Themba Mntambo – minister at CMM from 2004 until 2008 – paid the following tribute to Roy.
Roy Smith, one of the best human beings I have ever met in my life. A person with a deep understanding of human life, its weakness and frailty, its feebleness and fickleness, its darkness and ugliness. Yet never ever dwelt on those. He chose to see the other side; strength and boldness, resilience and fortitude, light and glory. With Roy, every human being deserved respect, dignity, love and care. He would not bow and scrape to power and authority, he would honour and respect those who had it, but more than that, he would rather bow and scrape to those who did not have it, so that they may, for those moments he met them and they met him, feel just as powerful, just as strong as those who already had it.
He would walk across to me every Sunday and say “the view was great on Chapman’s Peak this morning”, inviting me to join him in cycling. Much as I tried to ignore him, he persisted until I bought a bike and started cycling – I can remember, I can almost see the light on his face when I let him know that I had bought a bike, the helmet, the top and shorts. He invited me to join him “on the road”. Then I called him “coach”. He was there with me, giving me tips, guiding me through traffic, always encouraging and helpful, certainly enjoying time on the road, side by side with his own convert to cycling.
He walked across to me one Sunday and declared “we need to have a singing group together”. So we got together, a small group of men to sing: When I survey the wondrous cross (the Welsh version), Ntyilo, Ntyilo (a South African Jazz song), Maria (from West Side Story), Roy was the leader, the coach, always encouraging, always inspiring, giving and sharing his gifts and talents. We sang well because Roy led us well.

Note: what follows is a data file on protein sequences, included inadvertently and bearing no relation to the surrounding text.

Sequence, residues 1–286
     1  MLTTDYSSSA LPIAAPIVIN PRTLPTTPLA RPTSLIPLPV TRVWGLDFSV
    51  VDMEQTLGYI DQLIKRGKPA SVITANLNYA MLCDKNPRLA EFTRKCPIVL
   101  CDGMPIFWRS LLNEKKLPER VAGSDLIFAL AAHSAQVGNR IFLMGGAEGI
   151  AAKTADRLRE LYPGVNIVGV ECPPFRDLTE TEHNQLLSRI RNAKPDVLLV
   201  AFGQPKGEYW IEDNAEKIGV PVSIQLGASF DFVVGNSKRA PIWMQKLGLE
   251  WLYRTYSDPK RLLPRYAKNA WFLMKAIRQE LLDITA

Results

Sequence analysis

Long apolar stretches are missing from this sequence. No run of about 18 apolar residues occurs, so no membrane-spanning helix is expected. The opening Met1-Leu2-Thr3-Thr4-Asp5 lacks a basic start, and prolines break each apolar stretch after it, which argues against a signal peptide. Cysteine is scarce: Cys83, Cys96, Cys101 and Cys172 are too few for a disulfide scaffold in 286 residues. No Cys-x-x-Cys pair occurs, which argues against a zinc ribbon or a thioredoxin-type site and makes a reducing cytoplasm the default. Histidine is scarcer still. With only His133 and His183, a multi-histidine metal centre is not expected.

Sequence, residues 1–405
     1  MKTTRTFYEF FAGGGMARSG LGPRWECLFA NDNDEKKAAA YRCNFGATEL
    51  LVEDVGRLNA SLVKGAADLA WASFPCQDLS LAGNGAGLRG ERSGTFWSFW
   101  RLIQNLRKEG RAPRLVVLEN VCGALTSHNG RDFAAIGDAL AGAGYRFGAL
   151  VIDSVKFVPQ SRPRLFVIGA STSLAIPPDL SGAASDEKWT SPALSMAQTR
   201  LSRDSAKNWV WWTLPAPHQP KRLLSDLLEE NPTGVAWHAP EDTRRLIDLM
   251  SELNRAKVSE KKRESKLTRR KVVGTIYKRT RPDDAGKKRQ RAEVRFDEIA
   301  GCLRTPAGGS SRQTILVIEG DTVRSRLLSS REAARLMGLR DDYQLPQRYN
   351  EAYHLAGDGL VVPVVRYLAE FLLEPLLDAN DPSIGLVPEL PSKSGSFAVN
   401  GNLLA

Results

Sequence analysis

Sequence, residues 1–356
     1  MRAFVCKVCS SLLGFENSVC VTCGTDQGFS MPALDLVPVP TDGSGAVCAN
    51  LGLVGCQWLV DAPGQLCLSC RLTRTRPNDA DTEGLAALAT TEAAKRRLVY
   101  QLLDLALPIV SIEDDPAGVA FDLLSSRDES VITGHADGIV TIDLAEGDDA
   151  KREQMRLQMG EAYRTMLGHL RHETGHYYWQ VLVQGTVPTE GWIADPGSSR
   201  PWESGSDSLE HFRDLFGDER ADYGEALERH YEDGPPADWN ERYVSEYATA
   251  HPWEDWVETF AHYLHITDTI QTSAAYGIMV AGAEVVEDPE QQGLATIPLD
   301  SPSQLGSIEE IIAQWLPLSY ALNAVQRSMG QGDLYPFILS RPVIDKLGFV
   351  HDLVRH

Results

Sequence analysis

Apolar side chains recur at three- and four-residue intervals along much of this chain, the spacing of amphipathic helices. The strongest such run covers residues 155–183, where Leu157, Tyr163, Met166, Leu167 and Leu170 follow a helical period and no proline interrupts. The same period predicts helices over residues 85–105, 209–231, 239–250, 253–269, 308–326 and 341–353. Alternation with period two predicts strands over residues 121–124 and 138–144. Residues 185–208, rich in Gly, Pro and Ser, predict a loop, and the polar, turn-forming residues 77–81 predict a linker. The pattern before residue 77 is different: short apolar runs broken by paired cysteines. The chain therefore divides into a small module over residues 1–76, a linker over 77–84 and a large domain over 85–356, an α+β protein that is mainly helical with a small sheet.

He walked across to me, every Sunday, “that was a great sermon, thank you…” Even when I knew it was not so great, he knew that I tried my best. For him it was not so much the perfect end product that was important, it was the great effort put into the task that impressed him most. After such affirmation and encouragement, would anyone not seek to do better, would anyone wish to let him down? No, no one wanted to let him down. I knew where he and Rae sat on Sundays; right at the back or thereabouts. One could cast one’s eye in that direction and there he was, listening intently, in order to find something in what the preacher said that would enable him to say “that was a great sermon, thank you”.
I was his pastor, he was my friend. He had a great sense of humour, he could laugh; he never laughed at people, he laughed with people. He loved his family, was proud of all of them. Rae, he was all these things to me, I know he was much more to you; he was everything! You were everything to him too! He would walk across to me and say’ “Rae baked some bread yesterday; you must come over and taste her bread”. I did one day, and I never stopped asking for your bread… You were the perfect hostess in your home, he was the perfect host. Together you made everyone in your home the perfect guest. We will miss Roy; I know you will miss him more. I pray that you will know God’s comfort and love at this time. Post Tenebras Lux (After darkness, light).
Grace and Peace
18th February 2015